IOWA CITY — While the weather forecast calls for temperatures tumbling into the 30s Saturday night at Kinnick Stadium, Iowa football players are preparing for something completely different.
They know 10th-ranked Penn State will bring the heat.
"When you put something on tape that you didn’t pick up, you have to expect another team to bring that at you," Hawkeye center Tyler Linderbaum said.
Even if 17th-ranked Iowa had not surrendered eight sacks in last week’s 10-3 loss at Michigan — the most given up by the Hawkeyes since Jake Christensen was dropped nine times in a 2007 game against Indiana — the Nittany Lions would still have their eyes on the prize.
For the second straight season, Penn State’s defense leads the Football Bowl Subdivision in sacks.
The Nittany Lions have chased down opposing quarterbacks 25 times during their 5-0 start, including 10 times in last weekend’s 35-7 win over Purdue.
Iowa quarterback Nate Stanley is painfully aware of Penn State’s potential.
"They’re going to try to create all sorts of problems," Stanley said. "They like to blitz, they’re aggressive. They like to make it tough on whoever they’re playing. They’re a lot like the defense we just got done dealing with, a lot like Michigan."
The Wolverines provided the Nittany Lions with a roadmap to follow.
Stanley expects Penn State to attempt to search for the same holes Michigan found in the Hawkeye front five.
He expects them to test the blocking abilities of Iowa’s offensive skill players, and he expects to be tested as well.
"The answer has to come from all of us," Stanley said. "We all have a role in fixing what didn’t go right in our last game."
Iowa coach Kirk Ferentz sees that as well.
"There’s no one magic answer," Ferentz said. "… The negative yardage plays are always going to affect you. Part of that was our lack of execution and maybe part of that’s Michigan being a really athletic, aggressive defensive team. That being said, we are looking at the same kind of opponent this week."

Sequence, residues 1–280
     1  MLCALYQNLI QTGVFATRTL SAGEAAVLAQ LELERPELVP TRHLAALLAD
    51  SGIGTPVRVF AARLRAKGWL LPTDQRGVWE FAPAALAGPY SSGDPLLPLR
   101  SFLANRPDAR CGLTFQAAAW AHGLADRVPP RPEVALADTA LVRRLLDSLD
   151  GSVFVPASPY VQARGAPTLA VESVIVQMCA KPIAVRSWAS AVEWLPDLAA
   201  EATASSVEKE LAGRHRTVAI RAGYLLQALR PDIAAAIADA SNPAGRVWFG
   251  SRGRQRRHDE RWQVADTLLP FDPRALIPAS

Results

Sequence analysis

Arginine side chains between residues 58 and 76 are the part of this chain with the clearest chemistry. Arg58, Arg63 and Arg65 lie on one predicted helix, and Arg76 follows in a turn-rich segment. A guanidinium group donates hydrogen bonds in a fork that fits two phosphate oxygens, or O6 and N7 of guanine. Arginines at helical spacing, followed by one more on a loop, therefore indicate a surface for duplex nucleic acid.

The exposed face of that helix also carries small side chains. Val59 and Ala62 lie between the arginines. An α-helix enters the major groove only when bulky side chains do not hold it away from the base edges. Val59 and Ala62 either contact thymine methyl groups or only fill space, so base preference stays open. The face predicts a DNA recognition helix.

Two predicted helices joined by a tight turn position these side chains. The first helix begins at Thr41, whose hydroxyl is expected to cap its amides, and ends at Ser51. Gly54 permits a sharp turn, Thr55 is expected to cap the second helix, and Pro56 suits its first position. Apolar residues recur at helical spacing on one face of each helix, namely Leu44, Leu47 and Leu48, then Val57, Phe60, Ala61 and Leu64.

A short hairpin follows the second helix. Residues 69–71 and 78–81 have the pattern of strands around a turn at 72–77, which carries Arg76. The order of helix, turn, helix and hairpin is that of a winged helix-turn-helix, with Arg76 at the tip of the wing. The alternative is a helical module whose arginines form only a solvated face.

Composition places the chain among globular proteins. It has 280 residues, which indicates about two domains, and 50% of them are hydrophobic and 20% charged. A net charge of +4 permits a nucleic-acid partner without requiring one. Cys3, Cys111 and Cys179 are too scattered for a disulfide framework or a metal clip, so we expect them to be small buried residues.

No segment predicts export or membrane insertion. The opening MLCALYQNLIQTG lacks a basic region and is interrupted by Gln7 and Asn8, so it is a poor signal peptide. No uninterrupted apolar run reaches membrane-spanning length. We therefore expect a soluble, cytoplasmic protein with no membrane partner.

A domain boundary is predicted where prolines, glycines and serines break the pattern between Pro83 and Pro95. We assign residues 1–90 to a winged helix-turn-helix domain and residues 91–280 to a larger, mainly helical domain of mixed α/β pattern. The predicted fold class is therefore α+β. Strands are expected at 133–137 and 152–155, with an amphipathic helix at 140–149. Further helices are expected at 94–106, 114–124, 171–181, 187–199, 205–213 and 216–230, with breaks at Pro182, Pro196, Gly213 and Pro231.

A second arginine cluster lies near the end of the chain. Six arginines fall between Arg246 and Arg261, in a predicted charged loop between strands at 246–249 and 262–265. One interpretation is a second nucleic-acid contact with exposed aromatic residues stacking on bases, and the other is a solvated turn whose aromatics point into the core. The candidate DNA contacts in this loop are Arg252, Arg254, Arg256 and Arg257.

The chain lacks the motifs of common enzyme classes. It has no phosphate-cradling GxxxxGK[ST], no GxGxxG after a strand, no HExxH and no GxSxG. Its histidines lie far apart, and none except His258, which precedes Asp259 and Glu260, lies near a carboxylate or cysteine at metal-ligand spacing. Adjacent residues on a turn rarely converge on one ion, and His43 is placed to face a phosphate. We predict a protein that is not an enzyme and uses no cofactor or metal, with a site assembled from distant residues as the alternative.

Ferentz labels the play of the Penn State defense as "disruptive."
The Nittany Lions rank second in the country in fewest points allowed this season, giving up 7.4 per game to sit one spot ahead of the 8.8 Iowa has surrendered on average
Penn State, which also leads the nation with 52 tackles for a loss, is using those sacks to allow just 50.6 rushing yards per game and has held three of its opponents to fewer than 10 first downs.
Defensive ends Yetur Gross-Matos and Shaka Toney rank in the top five in the Big Ten in sacks, combining for 10.5 of the sacks that 14 Nittany Lions have had a hand in so far this season.
"It’s a very talented defense, and we know we have to get the detail stuff down," Linderbaum said. "That (Michigan) film was tough to watch, but we can learn from it, too. It can help us moving forward."
Stanley, who had been sacked just six times in the Hawkeyes’ first four games before being chased down eight times last week, includes himself in creating a collaborative solution to Iowa’s protection issues.
"There were situations where I could have tried to get the ball off quicker, throw it away if needed, and avoid giving up the sack," he said.
Running back Toren Young said last week’s experience magnified the need for Iowa players to pay closer attention to detail work.
"You need to do the little things," Young said. "Eliminate penalties, get your hands in the right place blocking."
Ferentz believes that will lead to the cohesion he saw earlier in the season that didn’t make the trip to Michigan.
"We are going to hopefully have a little tighter plan maybe and be little bit tighter with our technique," Ferentz said. "With that, be a little better, a little more cohesive in our play."
Young said Penn State won’t give Iowa much of a choice.
"Their defensive line sticks out. They’re big, they’re fast and they’re physical," he said. "They’ll bring different blitzes and pressure. We’ll have to be locked in on those things."
Stanley agrees, viewing the struggles at Michigan as an eye-opening experience but one that will test the Hawkeyes again as they work deeper into their Big Ten schedule.
"We have to get back on the horse and prepare and get ready to play," he said. "Nobody’s going to take it easy on us."